If thereâ€™s anything Iâ€™ve learned in homeschooling, itâ€™s to acknowledge when youâ€™re out of your league with a question you canâ€™t answer. You know, those impossibly formidable and menacing quandaries like, â€œHow are you today?â€
Shall I end my family update there or take my stab at a response: â€œCompared to what?â€
Let me try again: We have toilet paper (and now, thanks to the scare, a bidet). We have food on our table and healthy little critters defiling it. And we do enjoy many a sweet moment when we can maintain the humor to see them.
Speaking of seeing, I will admit to not embracing the irony of my good vision waving farewell in 2020, along with my 30s and the relative stability of our world. Everything used to be so clearâ€¦
In a school year oriented heavily around classic literature, the kids and I got a kick out of Aliceâ€™s Adventures in Wonderland, which provided some comic relief after Hamlet. Snorting babies turning into pigs and a Mock Turtle schooled in Reeling and Writhing, Ambition, Distraction, Uglification, and Derision? Itâ€™s amusing! But in the end, who was there but that pesky question of what in the world is certainâ€¦ Had we not seen the last of Hamlet after all?Â
Now granted, Iâ€™m only a 5th grader, but (homeschooling or not) the pressure can feel immense to send kids into adulthood with all the proper certainties: a life that is employable, enjoyable, and free of any cultural, political, and spiritual ambivalence.
As Moderns, weâ€™ve been taught to cling to the Certainty of New Things which will surely solve our outdated human struggles. As Christians, we read this as untrue, so we tend toward those clinging to the Certainty of Old Things. Meanwhile, the two camps berate each other with authoritative staunchness while I scramble just to plan tonightâ€™s dinner. Must I pick sides and answer the questions to remain faithful? Which ones?
The book of Hosea has long been a meaningful place for me to ruminate during upended seasons; chapter 6 verse 3 is my shorthand for the reward of pursuing the LORD:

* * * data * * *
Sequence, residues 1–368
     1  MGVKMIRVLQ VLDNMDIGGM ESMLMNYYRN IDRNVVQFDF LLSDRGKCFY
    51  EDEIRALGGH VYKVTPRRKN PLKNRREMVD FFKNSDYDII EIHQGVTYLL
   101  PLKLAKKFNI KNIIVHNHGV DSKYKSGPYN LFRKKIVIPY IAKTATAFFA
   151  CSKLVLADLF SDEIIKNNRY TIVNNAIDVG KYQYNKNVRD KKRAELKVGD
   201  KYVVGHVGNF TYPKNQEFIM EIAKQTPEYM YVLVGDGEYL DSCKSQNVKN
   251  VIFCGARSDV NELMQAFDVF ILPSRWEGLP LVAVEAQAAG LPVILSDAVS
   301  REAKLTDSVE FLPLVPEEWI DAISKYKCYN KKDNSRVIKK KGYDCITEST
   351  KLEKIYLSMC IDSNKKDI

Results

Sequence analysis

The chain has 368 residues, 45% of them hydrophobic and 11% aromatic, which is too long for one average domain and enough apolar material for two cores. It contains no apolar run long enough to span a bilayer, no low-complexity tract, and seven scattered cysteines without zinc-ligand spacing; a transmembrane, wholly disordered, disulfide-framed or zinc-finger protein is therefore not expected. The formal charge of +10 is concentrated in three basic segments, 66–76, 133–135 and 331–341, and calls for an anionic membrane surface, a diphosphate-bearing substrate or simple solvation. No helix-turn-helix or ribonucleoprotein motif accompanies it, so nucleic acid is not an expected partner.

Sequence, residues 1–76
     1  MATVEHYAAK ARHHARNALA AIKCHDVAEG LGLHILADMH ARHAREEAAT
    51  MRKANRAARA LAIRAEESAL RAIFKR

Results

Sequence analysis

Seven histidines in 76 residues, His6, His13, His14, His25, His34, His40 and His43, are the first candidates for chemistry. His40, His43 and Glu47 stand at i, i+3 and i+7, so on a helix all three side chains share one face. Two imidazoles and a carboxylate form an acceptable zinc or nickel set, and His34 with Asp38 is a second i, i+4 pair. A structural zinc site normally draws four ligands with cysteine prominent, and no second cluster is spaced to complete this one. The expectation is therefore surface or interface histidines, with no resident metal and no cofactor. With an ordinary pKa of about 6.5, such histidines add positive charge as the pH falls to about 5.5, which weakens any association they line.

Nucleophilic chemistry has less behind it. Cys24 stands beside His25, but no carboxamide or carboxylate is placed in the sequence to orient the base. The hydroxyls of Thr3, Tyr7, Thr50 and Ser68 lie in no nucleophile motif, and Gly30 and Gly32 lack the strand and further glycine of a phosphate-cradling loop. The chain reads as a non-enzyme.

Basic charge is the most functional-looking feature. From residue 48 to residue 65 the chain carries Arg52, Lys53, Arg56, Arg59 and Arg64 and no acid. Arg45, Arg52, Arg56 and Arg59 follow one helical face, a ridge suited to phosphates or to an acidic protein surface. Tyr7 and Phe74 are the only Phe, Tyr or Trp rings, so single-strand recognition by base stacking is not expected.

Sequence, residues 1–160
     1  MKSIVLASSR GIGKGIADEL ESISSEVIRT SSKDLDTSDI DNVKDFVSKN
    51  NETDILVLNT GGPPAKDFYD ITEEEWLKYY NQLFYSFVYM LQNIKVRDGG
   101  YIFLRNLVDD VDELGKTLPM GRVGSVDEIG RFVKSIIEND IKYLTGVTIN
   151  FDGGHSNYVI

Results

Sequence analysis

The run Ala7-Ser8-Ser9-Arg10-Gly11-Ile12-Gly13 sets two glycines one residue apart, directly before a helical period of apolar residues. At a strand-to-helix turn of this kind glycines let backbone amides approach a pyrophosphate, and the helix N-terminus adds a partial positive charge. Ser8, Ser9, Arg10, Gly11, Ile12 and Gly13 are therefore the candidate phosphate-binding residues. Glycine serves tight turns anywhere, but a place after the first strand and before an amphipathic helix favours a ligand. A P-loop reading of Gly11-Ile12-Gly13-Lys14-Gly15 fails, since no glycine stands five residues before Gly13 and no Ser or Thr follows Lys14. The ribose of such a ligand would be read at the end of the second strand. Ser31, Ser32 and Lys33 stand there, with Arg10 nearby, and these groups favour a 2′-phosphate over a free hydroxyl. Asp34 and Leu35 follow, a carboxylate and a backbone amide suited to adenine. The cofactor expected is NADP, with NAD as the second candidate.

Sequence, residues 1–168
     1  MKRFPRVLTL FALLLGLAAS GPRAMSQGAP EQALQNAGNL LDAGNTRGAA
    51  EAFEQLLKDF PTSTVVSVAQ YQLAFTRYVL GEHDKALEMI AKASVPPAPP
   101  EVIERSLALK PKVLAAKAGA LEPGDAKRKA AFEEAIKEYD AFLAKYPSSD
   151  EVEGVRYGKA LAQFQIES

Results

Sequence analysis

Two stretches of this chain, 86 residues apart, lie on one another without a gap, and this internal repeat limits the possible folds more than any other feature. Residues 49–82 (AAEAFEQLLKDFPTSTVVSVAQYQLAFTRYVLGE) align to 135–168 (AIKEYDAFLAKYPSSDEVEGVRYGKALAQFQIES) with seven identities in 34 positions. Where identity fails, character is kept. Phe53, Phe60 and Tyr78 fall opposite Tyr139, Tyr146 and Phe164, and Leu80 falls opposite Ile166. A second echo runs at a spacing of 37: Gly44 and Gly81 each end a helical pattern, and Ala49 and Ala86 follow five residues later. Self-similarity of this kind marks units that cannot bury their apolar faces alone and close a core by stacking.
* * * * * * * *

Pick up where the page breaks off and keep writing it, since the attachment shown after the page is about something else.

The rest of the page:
3Let us know; let us press on to know the LORD; his going out is sure as the dawn;
he will come to us as the showers, as the spring rains that water the earth.
But this time around, itâ€™s verse 4 thatâ€™s gotten me:
4What shall I do with you, O Ephraim? What shall I do with you, O Judah?
our love is like a morning cloud, like the dew that goes early away.
What is certain in my interaction with the Lord? Is it my faithful pursuit? Surely not. I am the dew. Have I been placing my faith in the certainty of the LORD? Or in some quality of my own faith?
Unlike Alice and Hamlet, the folks of Wonderland seem endowed with excessive certainty, as do the Pharisees in John chapter 9. Yet the account ends with Jesusâ€™ indictment, â€œIf you were blind, you would have no sin; but now that you maintain, â€˜We see,â€™ your sin remains.â€ As believers, we of all people can be free to wrestle with lifeâ€™s uncertainties, since Jesus our Anchor holds within the veil. Yet, itâ€™s easy to default to fear of what might come untethered from our â€œcontrol.â€
All this to say, how is our family? Weâ€™re fine. Weâ€™re weary. Weâ€™re learning. Weâ€™re quiet. Like everyone, weâ€™re plugging away, trying to stay next to people. Weâ€™re not sure how most things are going to play out, but weâ€™re sure goodness and mercy will follow us all the days, and we certainly love hearing from you!Â
Grace & Peace,